Brent S. Rushall, February, 1997. Reply to question asking what are the best drills to be used to promote swimming excellence.

One of the commonest activities in training programs in some sports (e.g., swimming, rowing, kayaking) is the performance of drills, activities that are purported to train in isolation aspects of a total movement pattern. Drills are repetitive training activities which do or do not use equipment. They are intended to stimulate a part of a complex movement (e.g., an upper arm movement) or an elemental segment of a movement chain (e.g., the transition from a take-off to a jump). They train activity parts out-of-context. When equipment such as paddles in swimming, parachutes in running, and "trailing buckets" in rowing are used, the activity elements are distorted because of the requirement to accommodate the non-competition-related equipment. Drills are inappropriate training content for serious or highly-trained athletes. The only exception to "no drills" is when they are part of learning progressions prior to the attainment and practice of some terminal (final) skill.

Each drill that is practiced should be considered to be a discrete activity. The greater the similarity between a total competitive skill and a restricted practiced drill, the greater is the likelihood of negative transfer between the two. The learned drill will compete with and disrupt the competitive skill. The following are known about skill training.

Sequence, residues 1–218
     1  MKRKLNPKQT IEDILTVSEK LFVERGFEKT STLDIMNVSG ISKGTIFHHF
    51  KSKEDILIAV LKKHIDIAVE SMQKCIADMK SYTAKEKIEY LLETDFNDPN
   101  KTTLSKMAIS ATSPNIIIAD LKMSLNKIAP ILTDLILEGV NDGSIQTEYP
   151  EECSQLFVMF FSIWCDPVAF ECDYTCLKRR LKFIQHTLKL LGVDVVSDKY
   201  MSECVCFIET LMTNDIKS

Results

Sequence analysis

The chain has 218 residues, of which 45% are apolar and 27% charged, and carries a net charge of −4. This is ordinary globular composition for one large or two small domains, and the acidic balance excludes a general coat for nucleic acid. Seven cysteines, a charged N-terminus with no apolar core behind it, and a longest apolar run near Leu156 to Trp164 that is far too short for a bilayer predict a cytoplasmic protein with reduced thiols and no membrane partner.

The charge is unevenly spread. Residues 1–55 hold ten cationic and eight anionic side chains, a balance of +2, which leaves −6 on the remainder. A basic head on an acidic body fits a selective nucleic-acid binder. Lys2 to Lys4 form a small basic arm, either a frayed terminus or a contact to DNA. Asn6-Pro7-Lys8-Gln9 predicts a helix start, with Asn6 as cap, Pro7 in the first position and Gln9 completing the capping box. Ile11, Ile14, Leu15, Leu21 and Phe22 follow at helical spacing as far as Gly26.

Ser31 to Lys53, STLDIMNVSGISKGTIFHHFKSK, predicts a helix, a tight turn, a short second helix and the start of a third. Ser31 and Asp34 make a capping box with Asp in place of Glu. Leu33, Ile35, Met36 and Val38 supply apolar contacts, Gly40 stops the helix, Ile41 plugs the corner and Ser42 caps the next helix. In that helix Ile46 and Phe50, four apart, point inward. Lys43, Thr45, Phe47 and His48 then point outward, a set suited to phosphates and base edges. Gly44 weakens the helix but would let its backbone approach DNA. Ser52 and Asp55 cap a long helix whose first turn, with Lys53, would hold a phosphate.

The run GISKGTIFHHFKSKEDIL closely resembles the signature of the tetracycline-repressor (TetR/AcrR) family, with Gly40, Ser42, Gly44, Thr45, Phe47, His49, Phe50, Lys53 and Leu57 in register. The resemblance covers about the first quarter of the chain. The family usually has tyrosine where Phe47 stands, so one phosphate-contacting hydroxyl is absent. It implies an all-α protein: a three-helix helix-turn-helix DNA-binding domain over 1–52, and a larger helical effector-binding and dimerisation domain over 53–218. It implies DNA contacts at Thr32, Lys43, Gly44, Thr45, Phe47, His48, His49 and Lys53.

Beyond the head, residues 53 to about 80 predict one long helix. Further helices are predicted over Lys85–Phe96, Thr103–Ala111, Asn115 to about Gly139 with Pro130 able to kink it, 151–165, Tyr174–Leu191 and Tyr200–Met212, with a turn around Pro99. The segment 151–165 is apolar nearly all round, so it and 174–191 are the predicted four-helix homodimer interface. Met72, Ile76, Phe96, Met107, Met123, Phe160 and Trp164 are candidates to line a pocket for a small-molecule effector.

Drills originally were only meant to be preliminary activities to be used as a step in a progression on the way through to learning a "terminal behavior." But now they have become training items which means that athletes' progress is halted at a less than terminal stage of skill development and competing patterns of movement are established.

When athletes develop faults, they need to be re-taught the element in question and the steps that follow that element. It is teaching the element in context of the preceding movements that is important. Instructing the element in isolation ("correction drills") is poor pedagogy.

Any device ("training aid") that is used in a drill alters neuromuscular patterning to form a unique movement skill. A device artificially trains competing movement patterns and introduces inefficiencies. Many devices have no acceptable data to support their claims of benefit. Most respectable research shows them to have no value or negative benefits. Since the form to be used in a competition is what should be trained, why would one adulterate that form through distortional (device) training?

Except at very low levels of performance (e.g., when learning a skill) movement elements learned in one activity do not transfer with any benefit to another.

The body does not have the capacity to determine the intention of some training activity. For example, an activity which requires an athlete's posture to be different to that which will be employed in a competition, although it is "meant" to be beneficial, does not benefit the competition performance. The body learns the incorrect posture for the trained activity and depending upon the strength of specific/relevant training will sustain correct or incorrect postures in a contest.

Since most high level performers are discriminated from each other on the basis of skill efficiency, one of the most important factors for differentiating medalists from non-medalists, the level of performer skill should be maximized. Drill practices and the use of training devices work contrarily to that aim.